Bottom line: China Reading’s IPO should be well received when it launches its road show as soon next week, and the shares should price and debut strongly on its good profit margins and growth prospects.
Another hot IPO with ties to one of China’s leading Internet firms is nearing the starting line, with word that the highly anticipated listing for Tencent’s (HKEx: 700) online literature unit is finally going to kick off shortly. That means we will finally get to see some financials for China Reading, whose plans for an $800 million IPO have been discussed since as early as February.
In fact, this particular IPO has been discussed for far longer than that, since the company has gone through a number of forms in its long march to market. I’ll recount that shortly, but will begin with some quick thoughts on this offering’s chances for success. We’ve already seen in this burgeoning IPO season that having a pedigree from a name like Tencent doesn’t guarantee success, as was the case with Alibaba-backed logistics firm Best Inc. (NYSE: BSTI). That IPO priced miserably due to stiff competition in the logistics space, and the stock is only up a modest 6 percent since it started trading in New York.
But then there’s another IPO, online insurer ZhongAn (HKEx: 6060), that has an even better pedigree, with backing from Alibaba, Tencent and also financial services giant Ping An. That offering priced quite strongly, and has zoomed since then, up around 50 percent from the offering price to be precise.
It seems that China Reading probably lies somewhere in between those two, and I’ll give my view shortly on where exactly it may end up. But first let’s review the latest headlines, which say that China Reading plans to seek formal approval from the Hong Kong stock exchange later this week for its IPO to raise between $600 million and $800 million. (Chinese article) The fund raising amount isn’t changed from previous reports, which all along have said the offering could raise up to $800 million.
If the stock exchange approves, then China Reading would kick off its road show next week, and we would probably see it make its trading debut within a month of that. The only other detail in the reports says that China Reading’s shares have been distributed among various investors by now, which was also always part of the plan.
With all those latest developments covered, we can backtrack quickly and briefly discuss the somewhat complex history of this offering. The current company actually started off as the literature unit of the now-disbanded online entertainment empire of Shanda Group. In that part of its life it tried to list in New York several times, but failed, and finally the company fell apart after a big group of its middle and top managers split off and formed a rival that is the current China Reading.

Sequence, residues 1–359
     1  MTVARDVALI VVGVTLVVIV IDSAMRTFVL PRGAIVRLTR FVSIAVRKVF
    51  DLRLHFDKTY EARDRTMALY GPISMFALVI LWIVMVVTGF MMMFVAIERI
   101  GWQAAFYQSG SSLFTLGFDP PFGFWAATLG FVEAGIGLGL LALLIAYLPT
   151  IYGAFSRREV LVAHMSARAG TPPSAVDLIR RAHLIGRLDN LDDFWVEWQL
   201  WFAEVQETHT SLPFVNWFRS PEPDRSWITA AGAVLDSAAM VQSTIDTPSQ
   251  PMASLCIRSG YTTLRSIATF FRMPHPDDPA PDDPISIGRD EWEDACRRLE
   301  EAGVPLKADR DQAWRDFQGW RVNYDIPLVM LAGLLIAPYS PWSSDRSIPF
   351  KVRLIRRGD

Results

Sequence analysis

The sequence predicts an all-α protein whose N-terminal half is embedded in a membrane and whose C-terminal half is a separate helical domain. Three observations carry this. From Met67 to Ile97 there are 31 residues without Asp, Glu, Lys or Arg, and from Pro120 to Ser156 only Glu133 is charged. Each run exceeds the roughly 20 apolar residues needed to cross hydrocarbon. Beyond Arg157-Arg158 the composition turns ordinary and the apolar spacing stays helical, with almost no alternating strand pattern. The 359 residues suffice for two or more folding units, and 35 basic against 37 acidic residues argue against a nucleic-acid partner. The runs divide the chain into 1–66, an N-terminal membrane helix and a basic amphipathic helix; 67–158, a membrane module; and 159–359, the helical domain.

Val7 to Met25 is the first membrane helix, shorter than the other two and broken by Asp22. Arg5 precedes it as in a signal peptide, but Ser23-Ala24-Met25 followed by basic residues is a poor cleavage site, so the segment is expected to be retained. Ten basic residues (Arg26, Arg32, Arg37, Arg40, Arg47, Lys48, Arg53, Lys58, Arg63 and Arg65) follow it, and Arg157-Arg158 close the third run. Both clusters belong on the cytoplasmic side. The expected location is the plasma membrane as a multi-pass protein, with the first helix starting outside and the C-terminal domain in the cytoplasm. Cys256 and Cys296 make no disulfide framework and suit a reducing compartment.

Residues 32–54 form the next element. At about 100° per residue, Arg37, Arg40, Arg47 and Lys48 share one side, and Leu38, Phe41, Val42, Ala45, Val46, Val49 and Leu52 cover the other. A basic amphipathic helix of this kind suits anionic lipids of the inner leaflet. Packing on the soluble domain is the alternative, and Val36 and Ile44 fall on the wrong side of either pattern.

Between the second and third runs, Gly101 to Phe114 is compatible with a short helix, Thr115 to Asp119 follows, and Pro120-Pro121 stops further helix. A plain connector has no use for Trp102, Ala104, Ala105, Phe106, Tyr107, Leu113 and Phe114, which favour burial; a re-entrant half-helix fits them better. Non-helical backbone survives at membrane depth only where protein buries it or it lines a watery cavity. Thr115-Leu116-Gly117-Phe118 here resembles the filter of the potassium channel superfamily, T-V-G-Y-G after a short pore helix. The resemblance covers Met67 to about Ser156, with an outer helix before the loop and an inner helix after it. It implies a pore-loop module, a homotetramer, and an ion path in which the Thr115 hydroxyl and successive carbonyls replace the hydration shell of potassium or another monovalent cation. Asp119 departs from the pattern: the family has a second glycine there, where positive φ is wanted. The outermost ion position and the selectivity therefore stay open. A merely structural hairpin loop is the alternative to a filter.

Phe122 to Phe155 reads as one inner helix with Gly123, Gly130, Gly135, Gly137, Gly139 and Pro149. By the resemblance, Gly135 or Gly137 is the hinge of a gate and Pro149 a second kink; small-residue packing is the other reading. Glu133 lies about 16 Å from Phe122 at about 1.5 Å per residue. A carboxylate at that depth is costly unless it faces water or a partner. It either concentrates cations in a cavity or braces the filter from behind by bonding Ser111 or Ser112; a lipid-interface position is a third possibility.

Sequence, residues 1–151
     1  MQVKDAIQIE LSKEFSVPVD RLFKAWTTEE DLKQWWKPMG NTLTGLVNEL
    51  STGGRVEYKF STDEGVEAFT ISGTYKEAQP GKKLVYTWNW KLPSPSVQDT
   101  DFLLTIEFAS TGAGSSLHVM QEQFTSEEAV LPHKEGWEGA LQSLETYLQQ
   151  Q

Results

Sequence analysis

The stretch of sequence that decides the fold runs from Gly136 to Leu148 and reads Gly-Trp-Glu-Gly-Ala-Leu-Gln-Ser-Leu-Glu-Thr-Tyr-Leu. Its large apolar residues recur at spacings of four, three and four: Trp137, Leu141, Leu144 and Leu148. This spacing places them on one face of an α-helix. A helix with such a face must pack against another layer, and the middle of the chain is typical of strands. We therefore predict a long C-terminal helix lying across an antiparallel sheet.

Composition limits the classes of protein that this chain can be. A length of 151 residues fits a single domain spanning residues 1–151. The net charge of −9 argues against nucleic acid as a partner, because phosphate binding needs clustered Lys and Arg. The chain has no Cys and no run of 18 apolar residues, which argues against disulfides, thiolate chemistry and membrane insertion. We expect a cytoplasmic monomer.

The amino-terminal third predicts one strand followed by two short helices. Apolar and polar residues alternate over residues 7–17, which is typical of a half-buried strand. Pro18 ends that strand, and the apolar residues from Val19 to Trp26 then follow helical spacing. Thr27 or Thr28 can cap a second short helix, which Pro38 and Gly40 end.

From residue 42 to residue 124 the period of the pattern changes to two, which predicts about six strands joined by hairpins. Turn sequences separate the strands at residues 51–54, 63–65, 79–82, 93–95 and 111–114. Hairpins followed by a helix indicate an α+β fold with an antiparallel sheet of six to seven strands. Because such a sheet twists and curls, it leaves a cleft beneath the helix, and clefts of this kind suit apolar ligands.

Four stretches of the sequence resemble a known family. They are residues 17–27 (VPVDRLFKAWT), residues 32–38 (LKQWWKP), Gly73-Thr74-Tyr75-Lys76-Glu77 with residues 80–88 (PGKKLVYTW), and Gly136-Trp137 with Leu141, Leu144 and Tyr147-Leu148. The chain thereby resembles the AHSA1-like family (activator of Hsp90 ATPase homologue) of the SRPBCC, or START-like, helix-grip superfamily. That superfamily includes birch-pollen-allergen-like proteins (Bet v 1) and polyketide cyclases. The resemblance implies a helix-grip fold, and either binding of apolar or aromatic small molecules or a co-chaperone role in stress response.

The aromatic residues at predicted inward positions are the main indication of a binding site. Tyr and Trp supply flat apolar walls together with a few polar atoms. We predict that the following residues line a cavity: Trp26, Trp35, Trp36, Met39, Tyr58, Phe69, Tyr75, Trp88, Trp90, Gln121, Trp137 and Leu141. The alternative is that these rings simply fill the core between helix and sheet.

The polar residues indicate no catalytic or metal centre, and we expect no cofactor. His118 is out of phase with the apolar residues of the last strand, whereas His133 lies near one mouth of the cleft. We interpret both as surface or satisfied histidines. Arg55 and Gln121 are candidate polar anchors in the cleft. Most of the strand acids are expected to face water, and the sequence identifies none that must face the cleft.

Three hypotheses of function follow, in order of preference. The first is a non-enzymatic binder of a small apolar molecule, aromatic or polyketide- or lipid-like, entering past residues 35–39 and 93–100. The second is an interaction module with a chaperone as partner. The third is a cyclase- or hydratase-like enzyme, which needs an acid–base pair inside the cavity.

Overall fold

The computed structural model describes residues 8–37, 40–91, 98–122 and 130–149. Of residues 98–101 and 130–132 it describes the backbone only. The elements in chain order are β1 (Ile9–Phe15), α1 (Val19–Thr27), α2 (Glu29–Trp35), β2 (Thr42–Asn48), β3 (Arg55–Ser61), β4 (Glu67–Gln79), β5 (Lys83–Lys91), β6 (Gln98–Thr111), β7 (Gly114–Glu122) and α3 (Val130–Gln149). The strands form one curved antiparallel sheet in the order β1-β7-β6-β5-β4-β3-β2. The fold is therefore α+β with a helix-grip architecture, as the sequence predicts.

Shanda took legal action, even as Tencent backed the new company, and the current China Reading is the result of a final settlement that took the company out of legal limbo. The company had always intended to maintain its autonomy, despite its Tencent backing. That’s why we’re seeing this spin-off that’s a bit unusual for Tencent, which doesn’t typically do separate listings for its various units.
All of that said, we still need to see some financials before we can say how well or poorly this listing will do. My understanding is that the company is quite profitable and the clear leader in its class, which are both good signs. The fact of the matter is that there is quite a market in China for this kind of literature, namely bite-sized novels and other literary works catering to today’s fast-paced world of people who read mostly on their smartphones and other e-reading devices.
The fact that this would be the first in its class to market should also bode well for China Reading, as that was probably a key factor behind ZhongAn’s success as the first major IPO by a new generation of China fintech companies. So unless we see some disappointing financials when the company files its prospectus, I would expect to see some healthy demand for China Reading when it finally comes to market. That should allow it to raise the full $800 million it is targeting or perhaps even more.